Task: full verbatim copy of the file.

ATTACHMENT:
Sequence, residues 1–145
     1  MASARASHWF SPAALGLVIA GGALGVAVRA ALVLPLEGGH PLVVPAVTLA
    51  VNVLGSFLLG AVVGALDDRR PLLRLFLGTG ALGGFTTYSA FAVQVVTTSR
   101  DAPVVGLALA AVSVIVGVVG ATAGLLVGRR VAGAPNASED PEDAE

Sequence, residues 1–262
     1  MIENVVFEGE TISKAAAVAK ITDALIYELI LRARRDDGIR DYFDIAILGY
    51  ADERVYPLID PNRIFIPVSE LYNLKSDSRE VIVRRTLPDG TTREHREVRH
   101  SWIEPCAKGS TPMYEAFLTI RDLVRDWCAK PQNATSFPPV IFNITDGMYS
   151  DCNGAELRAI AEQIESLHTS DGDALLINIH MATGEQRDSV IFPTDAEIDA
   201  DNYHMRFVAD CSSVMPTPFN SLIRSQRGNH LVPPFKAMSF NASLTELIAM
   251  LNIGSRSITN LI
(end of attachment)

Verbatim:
Sequence, residues 1–145
     1  MASARASHWF SPAALGLVIA GGALGVAVRA ALVLPLEGGH PLVVPAVTLA
    51  VNVLGSFLLG AVVGALDDRR PLLRLFLGTG ALGGFTTYSA FAVQVVTTSR
   101  DAPVVGLALA AVSVIVGVVG ATAGLLVGRR VAGAPNASED PEDAE

Sequence, residues 1–262
     1  MIENVVFEGE TISKAAAVAK ITDALIYELI LRARRDDGIR DYFDIAILGY
    51  ADERVYPLID PNRIFIPVSE LYNLKSDSRE VIVRRTLPDG TTREHREVRH
   101  SWIEPCAKGS TPMYEAFLTI RDLVRDWCAK PQNATSFPPV IFNITDGMYS
   151  DCNGAELRAI AEQIESLHTS DGDALLINIH MATGEQRDSV IFPTDAEIDA
   201  DNYHMRFVAD CSSVMPTPFN SLIRSQRGNH LVPPFKAMSF NASLTELIAM
   251  LNIGSRSITN LI